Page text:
The Smart Party Does OSR

This week the Smart Party tackled the OSR with Daniel Sell, creator of The Undercroft.

I’m with Dan on two points: the Renaissance portion of the monicker (it’s a cultural movement), and coming to the OSR late. D&D was available when I was a kid but it was also displaced by Fighting Fantasy and WFRP (which are my old-school games) so didn’t get a look-in. I also don’t have a beard to stroke or the nostalgic feelings towards BECMI D&D (and I reject the general assumption that the OSR is looking backwards).

So, positive things about Teh OSR:

  • “Rosetta Stone” — yes. By keeping things “looking like D&D” you keep the cognitive load and comprehension barriers low.
  • From that basis, you can manipulate the various moving parts to tighten or refocus the system to do whatever you want. This is not reinventing or re-hashing, it’s optimisation for performance.
  • Or to put it another way, OSR is Linux, and individual systems are like distributions — for interoperability, customisation potential, and freedom to roll your own.
  • ACKS is a modern successor to BECMI’s zero-to-hero concept.
  • Lethality incentivises players to negotiate for advantage rather than take the raw deal that the rules give you in a straight fight.
  • But them I reject the notion that OSR is about lethality and I changed the rules to suit.
  • OSR games excel at providing GM resources for managing a campaign as a project, e.g. Sine Nomine games such as Silent Legions provide a way to generate your own sandbox, and crucially manage antagonist factions dynamically. This is such an obvious problem and yet a massive blind spot for many commercial RPGs.
  • Sine Nomine games are all good examples of deconstructing genre. Comparison with GURPS supplements is probably apt
  • Much as I like theory, OSR gives good practical examples like this one from Chris McDowall.
  • OSR games are probably a better model for learning how to GM and design adventures. They’re pictorially based and clearly itemised, and not predicated on “plot” with GM-as-entertainer role (the CoC and WoD models).

OSR games are no more reliant on GM/facilitator skill than any other traditional format game. The idea that more complex games can excuse lack of skill through rules is dodgy — really you’re playing a different kind of game if you’re just pushing counters and dice around the table for an hour. My experience is that GMs do the opposite, if the rules are too complex to fit seamlessly into the game, it’s the rules that get ditched in favour of common sense.

OK, while we’re talking about OSR and assumptions, I just dissected an old LotFP game I ran with Josh (Black Armada). During that game, Josh’s character lost both feet to standing in a field of slime (which had been eating the farmstead’s cattle from the hooves up). I set that up because I wanted characters to lose limbs and have other horrible things happen, and see if the players continued to treat their characters as disposable pawns and roll a new one, or persist with their PCs. There was actually little in-game debit to losing a limb, and it hasn’t stopped the Flame Princess adventuring.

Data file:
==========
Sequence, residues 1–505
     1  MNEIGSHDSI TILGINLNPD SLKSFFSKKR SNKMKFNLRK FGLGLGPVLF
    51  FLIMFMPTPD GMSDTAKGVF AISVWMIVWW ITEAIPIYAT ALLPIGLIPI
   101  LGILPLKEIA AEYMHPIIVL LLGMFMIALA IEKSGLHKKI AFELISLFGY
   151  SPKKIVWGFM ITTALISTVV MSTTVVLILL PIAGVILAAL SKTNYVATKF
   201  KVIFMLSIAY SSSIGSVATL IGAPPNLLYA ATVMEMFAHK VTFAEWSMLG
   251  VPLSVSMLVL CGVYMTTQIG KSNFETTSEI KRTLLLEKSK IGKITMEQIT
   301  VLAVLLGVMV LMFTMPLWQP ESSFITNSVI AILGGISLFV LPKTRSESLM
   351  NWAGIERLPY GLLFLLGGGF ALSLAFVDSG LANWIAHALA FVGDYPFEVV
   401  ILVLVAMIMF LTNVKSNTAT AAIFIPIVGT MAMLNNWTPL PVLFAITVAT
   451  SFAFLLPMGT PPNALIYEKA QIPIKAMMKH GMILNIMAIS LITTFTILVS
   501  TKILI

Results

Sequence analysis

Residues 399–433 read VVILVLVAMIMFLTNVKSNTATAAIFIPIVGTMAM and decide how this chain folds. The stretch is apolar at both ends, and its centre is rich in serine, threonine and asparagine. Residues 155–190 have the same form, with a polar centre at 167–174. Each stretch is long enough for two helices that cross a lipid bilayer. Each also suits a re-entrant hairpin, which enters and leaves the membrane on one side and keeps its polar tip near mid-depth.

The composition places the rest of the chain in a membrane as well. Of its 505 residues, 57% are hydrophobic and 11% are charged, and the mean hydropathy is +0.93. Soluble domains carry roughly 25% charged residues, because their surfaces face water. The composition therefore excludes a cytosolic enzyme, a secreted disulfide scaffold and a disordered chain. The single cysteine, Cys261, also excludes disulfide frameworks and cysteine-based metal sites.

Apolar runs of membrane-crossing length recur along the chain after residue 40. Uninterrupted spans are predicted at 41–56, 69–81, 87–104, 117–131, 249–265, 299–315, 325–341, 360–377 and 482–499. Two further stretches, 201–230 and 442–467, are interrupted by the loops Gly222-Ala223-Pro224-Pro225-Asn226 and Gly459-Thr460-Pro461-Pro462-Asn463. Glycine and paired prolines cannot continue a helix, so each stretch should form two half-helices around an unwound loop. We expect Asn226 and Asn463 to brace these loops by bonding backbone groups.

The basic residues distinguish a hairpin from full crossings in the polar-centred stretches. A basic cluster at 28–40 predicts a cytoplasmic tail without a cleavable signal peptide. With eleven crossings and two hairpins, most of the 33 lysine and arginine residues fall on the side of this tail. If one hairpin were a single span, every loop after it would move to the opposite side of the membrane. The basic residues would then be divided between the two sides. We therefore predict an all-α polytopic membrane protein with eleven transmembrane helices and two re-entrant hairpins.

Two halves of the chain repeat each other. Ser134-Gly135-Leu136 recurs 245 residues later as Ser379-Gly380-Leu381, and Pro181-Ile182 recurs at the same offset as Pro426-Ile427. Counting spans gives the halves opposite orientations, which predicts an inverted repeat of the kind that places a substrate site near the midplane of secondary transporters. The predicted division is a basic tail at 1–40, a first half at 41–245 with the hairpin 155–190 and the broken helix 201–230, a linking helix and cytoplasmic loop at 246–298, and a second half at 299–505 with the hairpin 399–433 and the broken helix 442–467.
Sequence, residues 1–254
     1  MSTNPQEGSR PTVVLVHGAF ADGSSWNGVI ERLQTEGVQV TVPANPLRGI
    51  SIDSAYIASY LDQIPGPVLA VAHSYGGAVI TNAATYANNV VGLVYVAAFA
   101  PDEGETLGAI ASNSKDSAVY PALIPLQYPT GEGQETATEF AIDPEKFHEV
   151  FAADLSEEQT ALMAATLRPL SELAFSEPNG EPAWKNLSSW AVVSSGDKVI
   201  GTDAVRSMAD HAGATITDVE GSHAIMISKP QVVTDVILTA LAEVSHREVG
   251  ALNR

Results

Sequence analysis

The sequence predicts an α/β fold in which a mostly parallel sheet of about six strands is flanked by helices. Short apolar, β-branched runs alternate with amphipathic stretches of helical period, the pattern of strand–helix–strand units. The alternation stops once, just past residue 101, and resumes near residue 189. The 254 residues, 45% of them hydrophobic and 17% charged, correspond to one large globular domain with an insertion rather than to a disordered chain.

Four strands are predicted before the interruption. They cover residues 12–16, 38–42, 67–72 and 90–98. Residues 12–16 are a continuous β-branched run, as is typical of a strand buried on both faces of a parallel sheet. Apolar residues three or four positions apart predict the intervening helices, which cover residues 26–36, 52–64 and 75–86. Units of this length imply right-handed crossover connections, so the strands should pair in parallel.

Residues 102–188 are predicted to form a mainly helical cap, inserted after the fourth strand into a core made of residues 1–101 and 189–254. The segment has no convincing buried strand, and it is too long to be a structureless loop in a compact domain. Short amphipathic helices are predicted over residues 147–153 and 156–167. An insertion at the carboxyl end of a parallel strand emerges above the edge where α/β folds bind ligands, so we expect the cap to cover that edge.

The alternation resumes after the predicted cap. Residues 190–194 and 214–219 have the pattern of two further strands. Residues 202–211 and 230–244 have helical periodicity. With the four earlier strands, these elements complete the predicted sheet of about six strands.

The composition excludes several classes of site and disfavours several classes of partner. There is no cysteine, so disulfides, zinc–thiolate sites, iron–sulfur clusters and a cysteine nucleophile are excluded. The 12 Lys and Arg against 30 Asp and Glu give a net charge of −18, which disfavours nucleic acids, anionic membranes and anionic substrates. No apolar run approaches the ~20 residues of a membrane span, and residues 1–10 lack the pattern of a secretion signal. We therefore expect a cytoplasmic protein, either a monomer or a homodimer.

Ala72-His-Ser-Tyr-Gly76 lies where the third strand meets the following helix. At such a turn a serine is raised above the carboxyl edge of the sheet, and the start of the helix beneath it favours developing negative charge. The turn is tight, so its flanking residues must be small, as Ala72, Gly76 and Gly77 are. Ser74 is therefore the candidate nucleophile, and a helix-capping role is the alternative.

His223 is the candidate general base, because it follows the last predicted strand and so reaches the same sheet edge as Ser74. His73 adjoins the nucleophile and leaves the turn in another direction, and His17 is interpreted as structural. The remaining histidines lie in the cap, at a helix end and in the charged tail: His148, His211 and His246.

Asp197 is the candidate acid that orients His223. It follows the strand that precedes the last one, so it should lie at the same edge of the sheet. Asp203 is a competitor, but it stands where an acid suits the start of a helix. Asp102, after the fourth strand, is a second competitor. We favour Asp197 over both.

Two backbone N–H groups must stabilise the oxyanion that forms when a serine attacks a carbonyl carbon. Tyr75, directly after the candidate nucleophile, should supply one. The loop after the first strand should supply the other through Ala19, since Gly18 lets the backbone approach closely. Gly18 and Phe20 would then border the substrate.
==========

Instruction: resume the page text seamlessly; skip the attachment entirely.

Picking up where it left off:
Flame-Princess-T-shirt-display

Josh’s assumption was the PC was no longer playable; but there was nothing to prevent him continuing to play that character. Those assumptions are maybe fair given we have a legacy of dismemberment tables in WFRP, etc. But those assumptions like many assumptions about the OSR need to be challenged; there’s a weight of gaming propaganda that continues to say this style of game is all about disposable characters and casual murder for treasure, and that’s just bollocks.

Then we talked about the effect of disfigurement in other games that suddenly make players no longer want to play. This is not a functionality issue, it’s an issue of player self-image projected onto the character, (as well as the perceived value of a 1st level character in D&D). It’s not an issue of fairness or functionality.

I don’t see this enforced change on the character in D&D as any different from, say, a forced change to Darkest Self in Monsterhearts. That’s the game world and other player’s fiction intruding on your own character, and it’s a good thing. It forces you to change and adapt.

P.S. back Lovecraftesque, it’s good.

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  • I think it’s about expectations as much as anything. In D&D there are no rules for maiming; in other games there are. Hence if you’re familiar with the rules you don’t expect to lose a limb in D&D. You know it must be possible in the fiction, but since the system doesn’t provide for it, you assume it only happens to NPCs.

    By the way I don’t think the comparison to going Darkest Self is apt. DS is temporary, and leaves the player in full control. It’s an excuse to act up, not a constraint or limitation (with the odd exception ie the ghost). It can be empowering. Any mechanically enforced permanent harm to a character is very different.

      1. Being forced into the Darkest Self is comparable to being maimed/losing a limb in that the player’s image of their PC is intruded on, and that’s an event you can’t go back on. It’s not about the character’s functionality, it’s about the player-player or player-GM relationship
      2. If you say that players are supposed to treat Darkest Self as a temporary state with no lasting harm, then you’re treating that character in exactly the same disposable fashion as a D&D character.